The Director of the National Centre for Pharmacoeconomics (NCPE) has said that he has concerns about the safety and value for money of Covid-19 anti-viral drugs that the Government plans to purchase at a cost of €90m.
Professor Michael Barry said the NCPE was not involved in assessing or approving the drug for use in Ireland.
He said he had concerns about the safety of Pfizer's Paxlovid, the drug which he said the Government is buying the most of.
Speaking on RTÉ's Claire Byrne Live programme, Prof Barry said there were issues particularly in relation to patients who are receiving other medications, adding, "it is not a clean drug in my view, that means it has side effects like most things".
He also raised concerns about the potential side effects of ritonavir, which forms a part of the Paxlovid treatment and said the NCPE would write to all GPs to alert them to potential issues around prescribing these drugs.
Prof Barry said that he was not questioning the efficacy of the drugs, but he was critical that the clinical trials for Pfizer's Paxlovid have not been published.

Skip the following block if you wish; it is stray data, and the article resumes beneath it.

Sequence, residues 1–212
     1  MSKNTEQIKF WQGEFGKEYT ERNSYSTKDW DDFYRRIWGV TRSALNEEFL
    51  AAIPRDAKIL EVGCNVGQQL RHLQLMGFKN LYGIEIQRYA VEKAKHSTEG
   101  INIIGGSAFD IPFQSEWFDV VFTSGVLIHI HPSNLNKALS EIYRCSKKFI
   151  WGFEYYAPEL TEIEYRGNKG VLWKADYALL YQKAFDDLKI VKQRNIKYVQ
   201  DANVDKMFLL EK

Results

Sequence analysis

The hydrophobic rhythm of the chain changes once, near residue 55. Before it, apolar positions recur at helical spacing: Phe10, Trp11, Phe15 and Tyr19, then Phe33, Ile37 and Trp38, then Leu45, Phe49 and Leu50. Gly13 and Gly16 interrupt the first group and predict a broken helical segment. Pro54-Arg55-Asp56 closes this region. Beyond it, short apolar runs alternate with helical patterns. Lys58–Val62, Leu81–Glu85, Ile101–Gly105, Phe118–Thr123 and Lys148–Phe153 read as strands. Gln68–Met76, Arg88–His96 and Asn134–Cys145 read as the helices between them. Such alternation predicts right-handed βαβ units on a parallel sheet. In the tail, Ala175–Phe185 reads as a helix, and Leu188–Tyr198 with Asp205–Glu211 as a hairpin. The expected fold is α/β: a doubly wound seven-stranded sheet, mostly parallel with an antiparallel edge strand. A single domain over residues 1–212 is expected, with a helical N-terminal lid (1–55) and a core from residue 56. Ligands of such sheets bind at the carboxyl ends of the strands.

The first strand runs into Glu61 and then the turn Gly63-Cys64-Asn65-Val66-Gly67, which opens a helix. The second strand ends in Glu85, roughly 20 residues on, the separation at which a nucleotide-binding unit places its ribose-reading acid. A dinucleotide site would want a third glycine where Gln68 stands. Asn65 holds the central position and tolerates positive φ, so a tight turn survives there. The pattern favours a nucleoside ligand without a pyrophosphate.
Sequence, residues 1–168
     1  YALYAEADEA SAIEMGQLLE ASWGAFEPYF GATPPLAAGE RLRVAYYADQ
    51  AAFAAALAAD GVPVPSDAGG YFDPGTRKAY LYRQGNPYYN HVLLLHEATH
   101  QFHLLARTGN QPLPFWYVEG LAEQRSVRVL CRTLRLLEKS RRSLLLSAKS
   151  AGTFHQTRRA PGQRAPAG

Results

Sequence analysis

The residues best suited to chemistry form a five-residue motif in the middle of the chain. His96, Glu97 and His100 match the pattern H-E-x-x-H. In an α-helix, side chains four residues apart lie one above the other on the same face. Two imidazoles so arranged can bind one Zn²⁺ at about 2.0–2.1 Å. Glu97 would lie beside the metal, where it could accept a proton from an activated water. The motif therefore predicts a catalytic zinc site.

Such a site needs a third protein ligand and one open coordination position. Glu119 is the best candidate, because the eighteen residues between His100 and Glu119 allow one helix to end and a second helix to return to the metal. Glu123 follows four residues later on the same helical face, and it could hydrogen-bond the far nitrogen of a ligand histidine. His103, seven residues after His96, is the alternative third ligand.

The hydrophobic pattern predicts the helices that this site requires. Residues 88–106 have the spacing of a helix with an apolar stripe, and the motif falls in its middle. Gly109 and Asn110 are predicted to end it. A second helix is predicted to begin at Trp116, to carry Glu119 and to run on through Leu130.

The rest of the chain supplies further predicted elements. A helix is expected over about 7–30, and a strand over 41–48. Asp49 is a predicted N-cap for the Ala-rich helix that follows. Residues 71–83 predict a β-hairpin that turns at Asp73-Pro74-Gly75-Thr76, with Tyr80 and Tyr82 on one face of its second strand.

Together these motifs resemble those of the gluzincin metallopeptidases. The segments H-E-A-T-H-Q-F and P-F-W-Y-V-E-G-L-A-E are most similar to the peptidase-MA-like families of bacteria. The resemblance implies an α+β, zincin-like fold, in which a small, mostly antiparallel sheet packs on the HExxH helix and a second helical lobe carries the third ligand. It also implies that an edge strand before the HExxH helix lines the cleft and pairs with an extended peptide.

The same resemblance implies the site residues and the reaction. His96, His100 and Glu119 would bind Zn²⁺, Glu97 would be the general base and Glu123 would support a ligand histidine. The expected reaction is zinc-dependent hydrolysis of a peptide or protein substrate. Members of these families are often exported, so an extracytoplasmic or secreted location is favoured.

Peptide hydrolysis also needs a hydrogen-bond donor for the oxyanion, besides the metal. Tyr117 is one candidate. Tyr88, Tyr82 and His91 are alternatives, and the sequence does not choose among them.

"If it were me I would be waiting for clinical trial data to be published, I want to see what I am getting for my money. The other aspect is that these agreements or procurements are binding," Prof Barry said.
He said that at €30 million, the annual budget for new drugs in Ireland is a third of what is being spent on these Covid-19 anti-virals, though he believes that budget will be ring-fenced.
"There is a real question over whether this is going to be value for money or not," Prof Barry said.
Speaking on the same programme, Professor Kingston Mills, Immunologist at Trinity College Dublin, said the evidence was clear that these drugs worked.
He said while the data may not have been published yet, the European Medicines Agency and the US Food and Drug Administration, which has already approved the drug, will have seen it.
He said that the "the EMA don't have to have peer reviewed papers to make a decision on a drug ... they have a very stringent set of rules that they have to follow in terms of regulating a drug or a vaccine".